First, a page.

Aid Workers, More on the Front Lines, Suffer Increased Attacks: Interview with Abby Stoddard
Aid worker attacks were at their highest levels last year.
Key Global Events to Watch in March
A list of key upcoming meetings and events with implications for global affairs.
2014 Top 10 Issues to Watch in Peace & Security: The Global Arena
A list of ten key issues to watch that are likely to impact international peace and security in 2014, compiled by IPI's Francesco Mancini.
The Global Observatory, produced by IPI, provides timely analysis on peace and security issues, interviews with leading policymakers, interactive maps, and more.
February 26, 2014
Roméo Dallaire: Neutralize Child Soldiers Without Destroying Them
“We believe that by better training both police and military and a whole new dimension of working much closer, particularly information-wise, with NGOs and other agencies on the ground, we can work at neutralizing without destroying children as a system of weaponry in this era,” said Lt. General Roméo Dallaire (Ret.) at an IPI event on February 26th.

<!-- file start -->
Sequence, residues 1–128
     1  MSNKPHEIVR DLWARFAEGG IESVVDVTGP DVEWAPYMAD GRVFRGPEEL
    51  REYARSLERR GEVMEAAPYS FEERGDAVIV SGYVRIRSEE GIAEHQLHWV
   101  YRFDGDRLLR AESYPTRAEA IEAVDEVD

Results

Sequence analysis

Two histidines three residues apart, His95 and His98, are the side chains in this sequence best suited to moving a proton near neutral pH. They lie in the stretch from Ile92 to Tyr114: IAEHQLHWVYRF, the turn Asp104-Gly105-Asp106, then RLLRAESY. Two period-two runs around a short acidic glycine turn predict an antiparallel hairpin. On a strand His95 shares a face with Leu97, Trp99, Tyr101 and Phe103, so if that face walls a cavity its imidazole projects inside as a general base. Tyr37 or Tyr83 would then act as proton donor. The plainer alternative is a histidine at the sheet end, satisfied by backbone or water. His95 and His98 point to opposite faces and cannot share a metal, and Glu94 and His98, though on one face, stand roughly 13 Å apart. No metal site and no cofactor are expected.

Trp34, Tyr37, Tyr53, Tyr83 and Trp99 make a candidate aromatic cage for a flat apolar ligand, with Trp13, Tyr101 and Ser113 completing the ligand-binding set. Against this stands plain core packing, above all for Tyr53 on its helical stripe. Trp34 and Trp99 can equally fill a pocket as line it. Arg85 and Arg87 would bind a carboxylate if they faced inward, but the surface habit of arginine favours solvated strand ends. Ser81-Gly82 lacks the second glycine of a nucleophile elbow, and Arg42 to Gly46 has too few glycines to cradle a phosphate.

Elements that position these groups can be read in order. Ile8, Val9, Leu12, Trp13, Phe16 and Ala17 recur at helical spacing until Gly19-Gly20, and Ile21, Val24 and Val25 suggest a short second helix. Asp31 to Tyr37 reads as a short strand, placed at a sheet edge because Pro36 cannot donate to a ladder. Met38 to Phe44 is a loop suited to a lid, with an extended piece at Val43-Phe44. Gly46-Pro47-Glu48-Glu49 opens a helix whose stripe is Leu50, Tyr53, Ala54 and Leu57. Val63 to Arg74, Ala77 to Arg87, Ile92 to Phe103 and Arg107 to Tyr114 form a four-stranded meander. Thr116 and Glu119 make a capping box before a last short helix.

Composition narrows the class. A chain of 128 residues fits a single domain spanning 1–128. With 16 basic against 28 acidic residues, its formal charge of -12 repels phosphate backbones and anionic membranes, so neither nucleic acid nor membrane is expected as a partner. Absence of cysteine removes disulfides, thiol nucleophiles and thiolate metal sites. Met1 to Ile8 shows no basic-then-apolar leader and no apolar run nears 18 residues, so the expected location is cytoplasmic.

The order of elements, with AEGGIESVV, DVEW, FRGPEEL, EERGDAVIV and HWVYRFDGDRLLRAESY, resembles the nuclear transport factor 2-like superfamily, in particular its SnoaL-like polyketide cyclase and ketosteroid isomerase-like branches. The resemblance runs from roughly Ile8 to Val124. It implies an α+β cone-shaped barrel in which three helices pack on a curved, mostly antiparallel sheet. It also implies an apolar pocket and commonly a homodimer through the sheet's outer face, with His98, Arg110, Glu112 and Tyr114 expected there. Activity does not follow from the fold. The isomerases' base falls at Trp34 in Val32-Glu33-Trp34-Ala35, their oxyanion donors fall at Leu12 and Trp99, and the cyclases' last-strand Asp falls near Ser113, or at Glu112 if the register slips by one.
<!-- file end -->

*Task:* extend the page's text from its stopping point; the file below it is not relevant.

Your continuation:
February 19, 2014
Gary Bass: Forgotten Genocide May Portend Future Stain on UN Inaction
The inability of the United Nations Security Council to halt mass atrocities in East Pakistan some 40 years ago has parallels to current inaction in North Korea, argued Gary Bass, a professor of politics and international affairs at Princeton University, on February 19th.
February 18, 2014
Jok: Near Collapse in South Sudan Is Shocking but Not Surprising
The events that recently brought South Sudan to a near collapse were “extremely shocking, but they were not surprising by any means,” said Jok Madut Jok, Executive Director of The Sudd Institute, at the International Peace Institute on February 18. “It was only a matter of time before the country returned to this kind of situation,” he added.
December 03, 2013
IPI Editor Adam Lupel Quoted on the Politics of Genocide [IRIN News]